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Monday, March 31, 2008
Updated: April 1, 4:28 PM ET
North Carolina's loss means end of the (college) road for Larkins, Pringle

By Mechelle Voepel
Special to

NEW ORLEANS -- Two years ago in Boston, North Carolina's Erlana Larkins played one of the best games of her career on her birthday, April 2. But it wasn't enough, as Maryland won that NCAA semifinal.

Last year, Larkins' birthday was the day after the Tar Heels let a lead get away against Tennessee in the Final Four, losing 56-50.

Erlana Larkins
Erlana Larkins left it all on the court Monday, ending her career two games too early.

Wednesday, Larkins will turn 22, and she again will not be in much of a mood to celebrate.

Tears welled in her eyes from the end of Monday's game here -- another 56-50 loss, this time to LSU -- through the news conference … and they were still there as she stood in North Carolina's locker room.

"It's going to be hard going back to [Chapel Hill] and knowing today was the last day in this uniform. But I can't dwell on it," she said, her voice wavering, because she knows there's no way not to dwell at least a little when you reach the end of something so important to you.

"The turnaround time is not that much, and I have to get ready for a professional career."

Larkins is from Riviera Beach, Fla., and has known LSU's Sylvia Fowles, who is from Miami, since their days in Florida AAU basketball. Larkins stood trying to compose herself after the final horn blew on Monday at New Orleans Arena, then made her way down the line for the postgame handshake.

But Fowles was doing a television interview, so she wasn't in the handshake line. Larkins went over to the LSU bench area and waited for Fowles' interview to finish so she could congratulate her. They hugged each other -- one senior going to the Final Four again, one not getting the opportunity.

"I just went over there and told her, 'Represent not only your university, but make back home mighty proud,'" Larkins said. "Go win it for us."

The Tar Heels have had to live vicariously the past three years -- because each time, their season has ended at the hands of the team that went on to win the national championship: Baylor (2005), Maryland (2006) and Tennessee (2007).

"If LSU does go on to a national championship, I guess we're like the good-luck charm for the NCAA [tournament]," LaToya Pringle said, providing a moment of levity in a sad news conference. "That's the way it kind of feels."

Both Larkins and Pringle, who are disappointed as seniors, do have something to look forward to in Tampa, as Larkins alluded to earlier: the WNBA draft. Larkins has been a top prospect for a while now, and Pringle has definitely proved herself to be one this season, too.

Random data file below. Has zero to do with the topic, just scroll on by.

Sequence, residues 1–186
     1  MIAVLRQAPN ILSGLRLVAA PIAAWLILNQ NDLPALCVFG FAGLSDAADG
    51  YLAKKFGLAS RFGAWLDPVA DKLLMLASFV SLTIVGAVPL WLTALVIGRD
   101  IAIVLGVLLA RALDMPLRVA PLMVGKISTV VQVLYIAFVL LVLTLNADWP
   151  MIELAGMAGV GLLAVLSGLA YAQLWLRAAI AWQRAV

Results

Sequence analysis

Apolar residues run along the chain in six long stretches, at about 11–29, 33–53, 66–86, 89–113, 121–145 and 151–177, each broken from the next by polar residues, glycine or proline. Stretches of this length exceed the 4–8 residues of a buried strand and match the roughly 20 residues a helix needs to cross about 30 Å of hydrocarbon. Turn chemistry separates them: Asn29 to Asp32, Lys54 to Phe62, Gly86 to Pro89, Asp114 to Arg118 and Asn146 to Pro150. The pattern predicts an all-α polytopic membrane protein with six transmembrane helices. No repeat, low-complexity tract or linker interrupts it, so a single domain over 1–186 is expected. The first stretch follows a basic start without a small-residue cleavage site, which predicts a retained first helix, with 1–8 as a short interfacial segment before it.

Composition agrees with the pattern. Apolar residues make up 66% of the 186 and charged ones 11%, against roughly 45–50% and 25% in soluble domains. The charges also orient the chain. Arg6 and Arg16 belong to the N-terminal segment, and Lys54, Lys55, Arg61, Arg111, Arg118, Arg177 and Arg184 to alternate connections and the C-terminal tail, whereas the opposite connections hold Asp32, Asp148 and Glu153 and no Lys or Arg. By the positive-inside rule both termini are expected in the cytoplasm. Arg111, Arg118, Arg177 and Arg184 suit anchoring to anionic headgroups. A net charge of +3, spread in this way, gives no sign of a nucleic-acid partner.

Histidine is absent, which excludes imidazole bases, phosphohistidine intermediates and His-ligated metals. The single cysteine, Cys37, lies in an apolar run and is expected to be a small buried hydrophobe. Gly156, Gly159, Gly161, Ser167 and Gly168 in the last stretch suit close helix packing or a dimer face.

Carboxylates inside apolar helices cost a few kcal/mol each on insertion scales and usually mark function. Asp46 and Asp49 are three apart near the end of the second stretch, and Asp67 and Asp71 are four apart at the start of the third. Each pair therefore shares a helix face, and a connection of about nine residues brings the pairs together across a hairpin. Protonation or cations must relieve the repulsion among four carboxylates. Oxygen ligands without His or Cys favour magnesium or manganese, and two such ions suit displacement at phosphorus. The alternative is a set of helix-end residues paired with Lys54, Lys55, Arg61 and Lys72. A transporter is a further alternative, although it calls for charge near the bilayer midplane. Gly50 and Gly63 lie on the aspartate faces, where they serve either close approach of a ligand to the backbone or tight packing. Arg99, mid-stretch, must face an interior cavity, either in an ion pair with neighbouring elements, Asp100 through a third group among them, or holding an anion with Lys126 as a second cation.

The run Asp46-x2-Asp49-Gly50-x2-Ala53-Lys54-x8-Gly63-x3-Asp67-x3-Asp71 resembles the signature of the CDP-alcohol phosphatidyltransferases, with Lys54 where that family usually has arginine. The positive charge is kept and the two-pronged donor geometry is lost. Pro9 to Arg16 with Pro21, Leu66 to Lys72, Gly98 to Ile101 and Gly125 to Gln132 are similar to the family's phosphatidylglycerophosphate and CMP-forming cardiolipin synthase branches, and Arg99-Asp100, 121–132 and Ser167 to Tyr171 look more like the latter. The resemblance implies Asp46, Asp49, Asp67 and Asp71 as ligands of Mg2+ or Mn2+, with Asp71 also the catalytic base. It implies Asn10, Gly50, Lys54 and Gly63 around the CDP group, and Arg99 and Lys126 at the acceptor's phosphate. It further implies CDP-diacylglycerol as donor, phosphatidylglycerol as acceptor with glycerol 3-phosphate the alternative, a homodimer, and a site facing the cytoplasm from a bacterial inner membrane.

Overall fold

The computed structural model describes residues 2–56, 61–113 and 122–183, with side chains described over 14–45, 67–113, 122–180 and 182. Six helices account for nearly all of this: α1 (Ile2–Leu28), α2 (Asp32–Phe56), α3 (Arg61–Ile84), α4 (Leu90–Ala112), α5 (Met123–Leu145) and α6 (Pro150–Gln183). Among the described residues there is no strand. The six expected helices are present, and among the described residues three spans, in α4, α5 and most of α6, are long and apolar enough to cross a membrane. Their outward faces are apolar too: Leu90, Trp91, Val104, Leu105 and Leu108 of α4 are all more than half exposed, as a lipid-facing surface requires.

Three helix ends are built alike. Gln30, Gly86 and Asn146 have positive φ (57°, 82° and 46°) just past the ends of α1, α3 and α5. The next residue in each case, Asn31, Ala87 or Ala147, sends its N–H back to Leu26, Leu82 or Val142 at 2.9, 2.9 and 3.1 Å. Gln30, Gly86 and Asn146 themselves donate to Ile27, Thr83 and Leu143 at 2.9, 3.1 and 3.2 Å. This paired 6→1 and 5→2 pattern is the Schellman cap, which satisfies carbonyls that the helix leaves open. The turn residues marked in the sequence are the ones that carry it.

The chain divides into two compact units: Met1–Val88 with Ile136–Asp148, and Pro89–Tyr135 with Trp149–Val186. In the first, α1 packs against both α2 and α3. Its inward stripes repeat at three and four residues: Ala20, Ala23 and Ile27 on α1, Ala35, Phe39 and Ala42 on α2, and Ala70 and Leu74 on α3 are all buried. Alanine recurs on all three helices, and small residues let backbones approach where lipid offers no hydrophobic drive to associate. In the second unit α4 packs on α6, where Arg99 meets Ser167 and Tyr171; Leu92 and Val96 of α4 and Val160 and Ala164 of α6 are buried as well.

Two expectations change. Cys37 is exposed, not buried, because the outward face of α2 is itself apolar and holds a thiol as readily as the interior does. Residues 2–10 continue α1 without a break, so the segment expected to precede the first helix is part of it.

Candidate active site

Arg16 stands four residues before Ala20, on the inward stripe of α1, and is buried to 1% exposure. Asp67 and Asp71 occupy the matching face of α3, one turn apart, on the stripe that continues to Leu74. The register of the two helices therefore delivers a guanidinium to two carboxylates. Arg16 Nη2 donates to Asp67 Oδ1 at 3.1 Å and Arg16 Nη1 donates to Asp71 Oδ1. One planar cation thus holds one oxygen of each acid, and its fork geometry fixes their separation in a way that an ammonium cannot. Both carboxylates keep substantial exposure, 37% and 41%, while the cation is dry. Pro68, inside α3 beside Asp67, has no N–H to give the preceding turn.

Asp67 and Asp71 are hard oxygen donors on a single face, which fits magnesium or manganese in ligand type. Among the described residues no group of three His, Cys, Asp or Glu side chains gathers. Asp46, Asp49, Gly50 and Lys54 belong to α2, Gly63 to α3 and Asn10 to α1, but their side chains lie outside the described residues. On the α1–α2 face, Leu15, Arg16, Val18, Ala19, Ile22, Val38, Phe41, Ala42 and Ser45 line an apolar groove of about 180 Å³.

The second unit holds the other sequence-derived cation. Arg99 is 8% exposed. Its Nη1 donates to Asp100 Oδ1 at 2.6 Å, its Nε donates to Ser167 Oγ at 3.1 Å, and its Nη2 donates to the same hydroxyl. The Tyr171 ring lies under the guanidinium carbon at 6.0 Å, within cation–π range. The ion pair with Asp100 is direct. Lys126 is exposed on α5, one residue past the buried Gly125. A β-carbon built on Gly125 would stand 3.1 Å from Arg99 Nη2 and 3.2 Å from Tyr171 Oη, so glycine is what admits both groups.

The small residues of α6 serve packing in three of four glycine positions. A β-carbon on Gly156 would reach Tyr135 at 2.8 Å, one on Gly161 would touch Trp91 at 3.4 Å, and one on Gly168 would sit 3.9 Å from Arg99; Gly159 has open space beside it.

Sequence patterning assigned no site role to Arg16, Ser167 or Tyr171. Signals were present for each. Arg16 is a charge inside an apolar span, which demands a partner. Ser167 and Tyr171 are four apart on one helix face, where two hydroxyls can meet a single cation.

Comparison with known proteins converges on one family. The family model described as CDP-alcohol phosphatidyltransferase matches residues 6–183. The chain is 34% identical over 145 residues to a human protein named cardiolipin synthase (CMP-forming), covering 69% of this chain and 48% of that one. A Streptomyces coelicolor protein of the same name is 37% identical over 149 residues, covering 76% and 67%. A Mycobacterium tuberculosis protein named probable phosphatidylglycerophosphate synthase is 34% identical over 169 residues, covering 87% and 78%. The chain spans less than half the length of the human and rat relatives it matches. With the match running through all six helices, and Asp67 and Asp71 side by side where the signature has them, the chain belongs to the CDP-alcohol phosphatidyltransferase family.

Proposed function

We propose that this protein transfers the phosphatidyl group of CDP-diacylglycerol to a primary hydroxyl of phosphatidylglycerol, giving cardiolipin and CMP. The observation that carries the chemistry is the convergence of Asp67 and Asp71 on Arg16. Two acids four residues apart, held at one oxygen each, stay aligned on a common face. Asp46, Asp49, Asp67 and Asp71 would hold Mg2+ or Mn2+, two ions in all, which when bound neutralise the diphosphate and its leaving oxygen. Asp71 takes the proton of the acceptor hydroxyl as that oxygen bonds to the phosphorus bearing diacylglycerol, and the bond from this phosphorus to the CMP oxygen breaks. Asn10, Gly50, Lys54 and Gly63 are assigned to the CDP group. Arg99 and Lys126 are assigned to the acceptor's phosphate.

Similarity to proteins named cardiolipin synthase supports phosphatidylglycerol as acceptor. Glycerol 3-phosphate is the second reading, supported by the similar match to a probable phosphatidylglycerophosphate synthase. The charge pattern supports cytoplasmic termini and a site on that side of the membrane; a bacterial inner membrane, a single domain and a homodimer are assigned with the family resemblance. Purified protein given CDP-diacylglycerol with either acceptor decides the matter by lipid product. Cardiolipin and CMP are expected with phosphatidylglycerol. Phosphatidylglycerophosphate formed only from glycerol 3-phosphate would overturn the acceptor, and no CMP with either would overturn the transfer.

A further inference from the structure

Pringle was the top Tar Heel at this regional, with a combined 48 points and 22 rebounds in UNC's two games in New Orleans.

But Larkins, who played through January and February with a broken left hand, struggled offensively in this regional. She was 2-of-12 from the field for seven points against Louisville, and then 2-of-11 for five points -- all in the first half -- against LSU. Both games, though, she rebounded well with 12 and 11 boards, respectively.

Larkins and Pringle did what they could against Fowles, but her size and strength -- and her ability to go get the ball -- ended up being too much for the Tar Heels. Because in this matchup, 56 points was enough to beat them, which UNC coach Sylvia Hatchell said was like "a nightmare."

Carolina's perimeter attack didn't really exist; the Tar Heels made just one of eight 3-point attempts, that by Rashanda McCants in the last minute of the game. They came into Monday's contest averaging four 3-pointers per game. So all the more pressure was on the interior players to score.

"It's very deflating when you're trying to give it all you have [defensively] and you have to come down on offense and work [that hard] also," Larkins said. Of LSU's ability to lob into Fowles, she added, "They'd throw the ball, and it looks like it's going out of bounds. And she's still grabbing it.

"There was nothing I could do. She did what she could do, and her teammates did a great job of getting her the ball."

Like all seniors who depart college ball without winning it all -- and what a list of great players that is -- Larkins was aching about having to cross this particular finish line Monday.

"Overall, our career was very successful," she said, speaking of herself and Pringle. "But we still leave this program without a championship. So that's the hardest part."

Mechelle Voepel of The Kansas City Star is a regular contributor to She can be reached at